“We’re not that kind of people”

Interesting front-pager today in the Bee about a dispute down in Franklin over a proposed church building. A tiny church (5 people) wants to expand to a whopping 30 and has bought a house in a residential neighborhood to meet in because it was all they could afford. Overvalued much?

Well, local residents won’t have it. They are trying to get the county to deny the church’s permits to use the house based on a local covenant that restricts “noxious or offensive trade” from being carried on in the neighborhood. How dare they worship their god with music and ritual! Won’t somebody think of the children!?

Only problem: the “noxious trade” clause is clause 2. Clause 1 just happens to be “Neither the whole or any part of said premises shall be sold, rented or leased to any person or persons not of the White or Caucasian Race.” Class move, Franklin!

Author: CoolDMZ

"X-ray vision to see in between / Where's my kimono and my time machine?"

23 thoughts on ““We’re not that kind of people””

  1. “Clause 1 just happens to be ‘Neither the whole or any part of said premises shall be sold, rented or leased to any person or persons not of the White or Caucasian Race.'”

    Hey- FOOLS! ANYONE who lives in a tract home ANYWHERE in the US that was developed before 1925ish HAS THAT SAME CLAUSE. It’s nothing to get upset about now. AND the neighbors are not trying to enforce that clause. Live in an old home? GO the to county assessor’s office and look up your old CC&Rs. If your home ever had CCRs, and the CCRs are pre 1930, I’ll eat my hat if you DON’T have the clause in there. You ALL got the same or similar clause in there. I guess you are ALL RACISTS, huh?

    “Once a boy enjoyed yelling WOLF when there was none, just to see the villagers scramble to protect their flocks of sheep. Then one day, the boy really DID see a wolf, but no one belived him. All the sheep were killed.”

    And so it goes with racism. I’ve been called racist often enough that, when I would have called the cops on ANY purple, green, white, yellow or black crackhead in my front lawn, I’ve realized that the only people screaming racism are people upset at a white person. A hispanic never accuses a black guy of racism.

    Of course, unless it’s Jesse Jackson or Al Sharpton doing the screaming, every time I hear “Racism” I’ve tuned my white ears off. Naturally, who can blame me if I miss a REAL instance, but I’m no longer going to jump up just because some black idiot sees “racism” in the face of whitey.

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  2. Wow, yeah, rock on Squirty Tip. I was going to say the same thing, but without all of the vitriol. I worked in title insurance for a time and yes, that is a very common restriction, the racial one. And in today’s world it is simply disregarded, as are all those which are illegal. It is very common however in older CC&Rs just exactly as stated by the Tipster. So, I would guess, as is the case when these kinds of issues come up, finger pointers are woefully ignorant of the CC&Rs that exist on their own property as opposed to any real racist sentiment. I am not addressing the Church issue however as I have far too little data. I will say however, it can be difficult to tolerate a home functioning as any sort of commercial enterprise because of the increased traffic and the resulting noise and congestion that it brings, as opposed to the practice of religious activity which I don’t find objectionable whatsoever.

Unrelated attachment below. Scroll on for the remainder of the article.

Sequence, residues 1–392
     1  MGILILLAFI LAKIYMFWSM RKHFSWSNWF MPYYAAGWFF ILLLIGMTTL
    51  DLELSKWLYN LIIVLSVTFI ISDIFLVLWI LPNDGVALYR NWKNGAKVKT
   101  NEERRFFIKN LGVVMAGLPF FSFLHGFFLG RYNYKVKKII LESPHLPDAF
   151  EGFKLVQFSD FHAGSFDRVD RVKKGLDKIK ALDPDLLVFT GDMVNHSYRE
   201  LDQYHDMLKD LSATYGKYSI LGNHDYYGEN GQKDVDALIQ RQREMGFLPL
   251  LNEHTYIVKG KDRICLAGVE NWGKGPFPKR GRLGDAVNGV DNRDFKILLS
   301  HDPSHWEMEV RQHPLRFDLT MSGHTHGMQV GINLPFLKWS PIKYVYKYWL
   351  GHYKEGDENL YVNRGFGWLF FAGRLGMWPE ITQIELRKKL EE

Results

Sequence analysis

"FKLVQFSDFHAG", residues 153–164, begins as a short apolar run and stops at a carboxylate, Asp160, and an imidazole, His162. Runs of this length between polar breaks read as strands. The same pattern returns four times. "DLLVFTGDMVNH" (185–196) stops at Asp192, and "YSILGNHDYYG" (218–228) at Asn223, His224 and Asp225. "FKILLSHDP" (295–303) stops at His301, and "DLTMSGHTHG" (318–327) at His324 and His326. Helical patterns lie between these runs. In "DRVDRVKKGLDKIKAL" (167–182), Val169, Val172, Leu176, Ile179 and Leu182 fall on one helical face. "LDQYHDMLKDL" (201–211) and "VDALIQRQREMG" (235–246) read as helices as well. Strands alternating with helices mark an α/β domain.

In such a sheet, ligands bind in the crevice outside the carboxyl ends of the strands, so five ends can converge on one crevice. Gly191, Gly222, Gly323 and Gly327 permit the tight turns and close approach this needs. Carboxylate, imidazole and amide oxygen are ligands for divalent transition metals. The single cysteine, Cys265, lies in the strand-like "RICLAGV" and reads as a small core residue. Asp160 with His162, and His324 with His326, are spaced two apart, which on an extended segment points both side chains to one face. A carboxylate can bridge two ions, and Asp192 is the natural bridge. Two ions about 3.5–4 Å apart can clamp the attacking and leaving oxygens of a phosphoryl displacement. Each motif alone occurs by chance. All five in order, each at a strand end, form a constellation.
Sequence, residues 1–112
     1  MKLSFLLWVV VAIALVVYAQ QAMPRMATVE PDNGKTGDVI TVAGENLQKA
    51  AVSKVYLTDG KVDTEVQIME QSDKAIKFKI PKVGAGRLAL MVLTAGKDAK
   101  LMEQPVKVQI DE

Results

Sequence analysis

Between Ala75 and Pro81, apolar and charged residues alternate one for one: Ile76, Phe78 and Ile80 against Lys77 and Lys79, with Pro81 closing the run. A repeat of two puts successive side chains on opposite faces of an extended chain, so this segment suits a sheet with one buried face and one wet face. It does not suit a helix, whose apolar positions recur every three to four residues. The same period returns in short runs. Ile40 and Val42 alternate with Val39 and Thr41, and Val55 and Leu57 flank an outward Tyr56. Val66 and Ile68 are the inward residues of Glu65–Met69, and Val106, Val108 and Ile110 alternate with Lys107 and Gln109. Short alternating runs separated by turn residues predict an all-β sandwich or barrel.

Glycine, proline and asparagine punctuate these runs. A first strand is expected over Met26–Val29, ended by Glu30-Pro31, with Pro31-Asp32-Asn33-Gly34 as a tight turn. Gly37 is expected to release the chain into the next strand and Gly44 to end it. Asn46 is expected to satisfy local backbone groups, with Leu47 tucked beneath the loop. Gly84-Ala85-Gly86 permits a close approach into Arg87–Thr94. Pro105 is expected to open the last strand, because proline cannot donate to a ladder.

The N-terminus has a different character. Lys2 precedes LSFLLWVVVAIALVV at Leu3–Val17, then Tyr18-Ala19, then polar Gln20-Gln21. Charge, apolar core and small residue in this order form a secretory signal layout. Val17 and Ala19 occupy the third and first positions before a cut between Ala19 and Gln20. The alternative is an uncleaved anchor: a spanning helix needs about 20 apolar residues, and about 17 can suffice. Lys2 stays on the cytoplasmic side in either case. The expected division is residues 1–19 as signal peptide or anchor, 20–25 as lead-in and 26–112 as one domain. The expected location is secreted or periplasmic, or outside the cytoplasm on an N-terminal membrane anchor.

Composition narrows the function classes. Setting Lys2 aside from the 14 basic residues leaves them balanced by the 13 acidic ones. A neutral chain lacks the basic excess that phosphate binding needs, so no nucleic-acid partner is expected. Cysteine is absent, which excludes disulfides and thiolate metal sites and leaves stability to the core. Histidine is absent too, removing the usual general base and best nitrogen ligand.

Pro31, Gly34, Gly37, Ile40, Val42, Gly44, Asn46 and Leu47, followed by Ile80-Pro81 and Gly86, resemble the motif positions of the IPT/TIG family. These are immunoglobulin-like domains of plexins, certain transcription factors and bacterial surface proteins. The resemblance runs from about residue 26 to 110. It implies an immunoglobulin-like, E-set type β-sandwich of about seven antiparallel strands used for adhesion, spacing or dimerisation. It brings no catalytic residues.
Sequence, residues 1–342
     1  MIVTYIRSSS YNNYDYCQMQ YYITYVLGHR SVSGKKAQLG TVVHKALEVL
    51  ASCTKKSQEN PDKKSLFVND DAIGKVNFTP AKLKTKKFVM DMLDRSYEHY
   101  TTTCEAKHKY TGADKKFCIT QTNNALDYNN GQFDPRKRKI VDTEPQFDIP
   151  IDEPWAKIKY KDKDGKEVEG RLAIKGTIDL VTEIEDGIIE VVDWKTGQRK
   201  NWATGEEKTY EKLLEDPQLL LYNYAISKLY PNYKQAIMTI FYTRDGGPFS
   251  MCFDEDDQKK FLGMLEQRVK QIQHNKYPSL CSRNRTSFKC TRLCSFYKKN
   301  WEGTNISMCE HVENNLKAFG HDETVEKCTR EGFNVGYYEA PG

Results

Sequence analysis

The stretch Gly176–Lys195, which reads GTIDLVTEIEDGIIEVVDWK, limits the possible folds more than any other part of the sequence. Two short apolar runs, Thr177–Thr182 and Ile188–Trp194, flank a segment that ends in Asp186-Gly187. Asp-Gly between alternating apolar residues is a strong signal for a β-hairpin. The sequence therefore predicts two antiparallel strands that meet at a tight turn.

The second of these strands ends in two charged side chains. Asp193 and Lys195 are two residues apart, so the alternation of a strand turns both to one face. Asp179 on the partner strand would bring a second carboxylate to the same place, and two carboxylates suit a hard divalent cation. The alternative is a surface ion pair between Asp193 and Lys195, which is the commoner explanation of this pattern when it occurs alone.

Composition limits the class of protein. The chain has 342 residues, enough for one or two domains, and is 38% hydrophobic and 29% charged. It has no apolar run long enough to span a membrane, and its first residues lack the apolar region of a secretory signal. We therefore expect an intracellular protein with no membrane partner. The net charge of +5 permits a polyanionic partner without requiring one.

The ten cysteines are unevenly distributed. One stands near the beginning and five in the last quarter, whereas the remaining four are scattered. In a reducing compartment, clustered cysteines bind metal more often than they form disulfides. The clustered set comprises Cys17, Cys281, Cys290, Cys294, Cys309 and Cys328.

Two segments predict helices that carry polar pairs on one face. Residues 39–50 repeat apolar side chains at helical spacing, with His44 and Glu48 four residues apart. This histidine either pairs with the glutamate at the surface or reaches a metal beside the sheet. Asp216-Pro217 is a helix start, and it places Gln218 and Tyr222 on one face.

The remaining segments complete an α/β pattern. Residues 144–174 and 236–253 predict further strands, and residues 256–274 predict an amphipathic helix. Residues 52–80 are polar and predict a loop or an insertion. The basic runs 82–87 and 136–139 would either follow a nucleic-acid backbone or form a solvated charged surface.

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  3. Mr./Ms. Tip, read the article again. Franklin’s residents submitted the list of CC&Rs, that included Clause 1. If it was like Clause 56.4b, I could see how they missed to exclude it. But it was the first one on the page. You don’t leave an obvious clause like that in a submission by accident.

    Sorry you feel so traumatized by accusations of racism. If it makes you feel any better, I get bigotted slurs thrown at me from time to time from all races. So, I know racism when I see it, and despite what the “idiot blacks” call you, I don’t think you’re racist.

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  4. Oh. (definition taken from http://www.nolo.com) “Covenants, conditions & restrictions (CC&Rs)
    The restrictions governing the use of real estate, usually enforced by a homeowners’ association and passed on to the new owners of property. For example, CC&Rs may tell you how big your house can be, how you must landscape your yard or whether you can have pets. If property is subject to CC&Rs, buyers must be notified before the sale takes place.”
    There are CC&Rs on pretty much any property sold, restrictions tend to be far more excessive for condos and in gated type communities, where for instance, they may require that your cars be parked only in your garage (hello Gold River) or may disallow the parking of any commercial vehicle whatsoever (hi gated Elk Grove). In older neighborhoods the restrictions tend to be fewer and sometimes obsolete e.g. racial restrictions. I hope that helps.

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  5. Huh CoolDMZ? Did you not read the earlier post that I was addressing in my second post? Are you actually the very same person who posted the Squirty Tip comment to stir up some anger? First I said it is illegal and secondarily I said it is obsolete. Thus, illegal AND obsolete–no longer in use! CC&Rs are not typically rewritten on existing plots of subdivided land until said property is once again subdivided. Portions of those CC&Rs are simply disregarded. I am beginning to think you are a race baiter yourself. I will be very, very, very careful with any future references to you so that I don’t accidentally offend your sensibilities when trying to be helpful.